The paper lanterns are made from a sheet of thin colored paper. The shapes and sizes are numerous, and there are also various methods of construction. The simplest variants consist of a paper bag and a candle. Complex lanterns have folding bamboo or metal tongues and hard paper. Sometimes the lanterns are made of colored silk (often red) or vinyl. Silky lanterns are also painted with a folding extension and with Chinese characters. The vinyl lanterns can withstand rain, wind and sun. Paper lanterns are easy to tear, those made of silk less so. The gold paper fades in a short time and the red silk looks more like a mix of pink and red.
Paper lanterns in the Asian cultural area
The paper lanterns can be found in China, Korea and Japan and are often associated with certain celebrations and festivals. In western cultures, they are often found in the Chinese quarters, where they are hung outside and attract attention. In Japan they are Bonbori and Chochin traditionally, they are called with the special font Chochin moji labeled.
The flying paper lanterns are called sky lanterns, they are often let go at night for an aesthetic effect at lantern festivals.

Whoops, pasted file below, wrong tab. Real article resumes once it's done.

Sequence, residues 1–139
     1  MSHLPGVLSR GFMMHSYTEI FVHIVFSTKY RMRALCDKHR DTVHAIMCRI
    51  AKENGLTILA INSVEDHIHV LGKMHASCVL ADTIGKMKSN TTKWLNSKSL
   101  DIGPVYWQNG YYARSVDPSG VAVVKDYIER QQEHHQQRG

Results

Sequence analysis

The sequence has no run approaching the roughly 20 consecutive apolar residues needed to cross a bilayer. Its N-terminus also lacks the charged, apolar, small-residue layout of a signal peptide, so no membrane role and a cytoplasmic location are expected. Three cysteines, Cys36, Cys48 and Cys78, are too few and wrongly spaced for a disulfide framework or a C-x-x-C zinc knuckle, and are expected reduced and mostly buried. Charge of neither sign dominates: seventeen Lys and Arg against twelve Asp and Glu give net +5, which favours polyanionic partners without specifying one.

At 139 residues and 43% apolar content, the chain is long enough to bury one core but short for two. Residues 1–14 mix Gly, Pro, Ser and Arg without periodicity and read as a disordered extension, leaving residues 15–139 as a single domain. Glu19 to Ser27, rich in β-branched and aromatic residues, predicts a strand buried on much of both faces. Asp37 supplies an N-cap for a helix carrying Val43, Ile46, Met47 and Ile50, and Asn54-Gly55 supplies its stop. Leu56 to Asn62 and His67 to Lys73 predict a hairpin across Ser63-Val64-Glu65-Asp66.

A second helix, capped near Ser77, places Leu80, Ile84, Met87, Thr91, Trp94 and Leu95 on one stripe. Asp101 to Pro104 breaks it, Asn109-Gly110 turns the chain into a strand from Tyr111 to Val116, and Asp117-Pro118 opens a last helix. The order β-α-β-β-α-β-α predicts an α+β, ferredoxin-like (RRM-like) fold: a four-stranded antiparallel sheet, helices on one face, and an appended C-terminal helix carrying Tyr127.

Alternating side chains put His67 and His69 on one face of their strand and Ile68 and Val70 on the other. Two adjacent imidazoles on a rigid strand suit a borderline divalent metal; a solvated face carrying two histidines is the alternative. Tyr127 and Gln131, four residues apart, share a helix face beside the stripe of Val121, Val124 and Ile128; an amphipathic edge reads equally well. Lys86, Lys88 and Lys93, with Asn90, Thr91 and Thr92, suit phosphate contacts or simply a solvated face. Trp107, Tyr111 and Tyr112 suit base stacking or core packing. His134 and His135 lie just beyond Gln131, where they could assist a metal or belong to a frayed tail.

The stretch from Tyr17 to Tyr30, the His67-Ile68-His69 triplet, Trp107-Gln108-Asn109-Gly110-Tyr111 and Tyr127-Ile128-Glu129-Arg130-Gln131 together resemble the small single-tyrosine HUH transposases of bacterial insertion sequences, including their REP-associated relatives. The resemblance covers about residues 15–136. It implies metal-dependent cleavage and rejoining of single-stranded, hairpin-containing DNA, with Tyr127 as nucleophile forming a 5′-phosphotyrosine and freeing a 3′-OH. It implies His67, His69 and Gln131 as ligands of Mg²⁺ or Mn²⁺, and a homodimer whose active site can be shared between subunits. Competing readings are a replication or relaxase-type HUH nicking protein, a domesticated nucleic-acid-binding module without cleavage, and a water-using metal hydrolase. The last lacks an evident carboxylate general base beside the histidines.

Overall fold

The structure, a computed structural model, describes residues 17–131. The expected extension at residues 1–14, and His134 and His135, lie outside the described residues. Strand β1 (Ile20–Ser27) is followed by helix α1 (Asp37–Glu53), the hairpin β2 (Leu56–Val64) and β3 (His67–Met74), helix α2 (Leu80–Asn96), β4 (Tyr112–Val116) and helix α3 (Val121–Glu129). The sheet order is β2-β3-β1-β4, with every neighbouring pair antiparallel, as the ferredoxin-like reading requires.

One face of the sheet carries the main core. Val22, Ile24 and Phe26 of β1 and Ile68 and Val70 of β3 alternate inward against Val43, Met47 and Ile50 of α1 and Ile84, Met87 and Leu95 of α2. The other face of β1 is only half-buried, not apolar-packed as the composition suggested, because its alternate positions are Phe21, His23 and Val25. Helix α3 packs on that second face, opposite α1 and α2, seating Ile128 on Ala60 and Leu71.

There are five different classes of lanterns in China: the babys bottom are miniatures, nowadays often associated with Christmas decorations. The second class is rolling paper, which are tall, cylindrical lanterns that are often found in restaurants and bars. This is followed by the Tomato Light, or Big Red: the classic round, medium-sized lantern. In the fourth grade there is Crystal Magic, which are variously shaped geometric lamps with many squares and triangles. The last of these is called Buddhas Gastronomy – the large and grandiose globes are suitable for decorating temples and presenting them at festivals. There are also the traditional Chinese paper lanterns, in most cases red, sometimes in other colors. They are round or capsule-shaped and can be seen in shops, temples, or at festivals. The red color symbolizes happiness and joy.
Paper lanterns in the western cultural area
Putting candles or tea lights in small paper bags (called luminarias or farolitos) and leaving them outside is a tradition in Central America, used there for Christmas.
During the festival (Festa della Rificolona) in Florence, children carry colorful paper lanterns through the streets.
In Switzerland, Germany and Austria, as well as in other German-speaking countries in Europe, there is the Saint Martins parade, during which the children run around with homemade paper lanterns.
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